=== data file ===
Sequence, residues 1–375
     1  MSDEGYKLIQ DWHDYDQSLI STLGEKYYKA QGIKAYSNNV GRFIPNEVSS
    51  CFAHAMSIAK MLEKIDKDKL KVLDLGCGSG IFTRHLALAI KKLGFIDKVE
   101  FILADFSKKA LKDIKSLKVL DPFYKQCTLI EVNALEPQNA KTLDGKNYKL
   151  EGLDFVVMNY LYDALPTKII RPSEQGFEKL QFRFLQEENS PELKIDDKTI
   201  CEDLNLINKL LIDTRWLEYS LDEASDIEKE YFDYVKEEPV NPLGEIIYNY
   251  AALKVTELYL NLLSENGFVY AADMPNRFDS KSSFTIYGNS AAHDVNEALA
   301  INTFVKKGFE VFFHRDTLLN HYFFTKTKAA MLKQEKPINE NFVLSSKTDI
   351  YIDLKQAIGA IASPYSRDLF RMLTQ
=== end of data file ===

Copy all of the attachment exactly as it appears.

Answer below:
Sequence, residues 1–375
     1  MSDEGYKLIQ DWHDYDQSLI STLGEKYYKA QGIKAYSNNV GRFIPNEVSS
    51  CFAHAMSIAK MLEKIDKDKL KVLDLGCGSG IFTRHLALAI KKLGFIDKVE
   101  FILADFSKKA LKDIKSLKVL DPFYKQCTLI EVNALEPQNA KTLDGKNYKL
   151  EGLDFVVMNY LYDALPTKII RPSEQGFEKL QFRFLQEENS PELKIDDKTI
   201  CEDLNLINKL LIDTRWLEYS LDEASDIEKE YFDYVKEEPV NPLGEIIYNY
   251  AALKVTELYL NLLSENGFVY AADMPNRFDS KSSFTIYGNS AAHDVNEALA
   301  INTFVKKGFE VFFHRDTLLN HYFFTKTKAA MLKQEKPINE NFVLSSKTDI
   351  YIDLKQAIGA IASPYSRDLF RMLTQ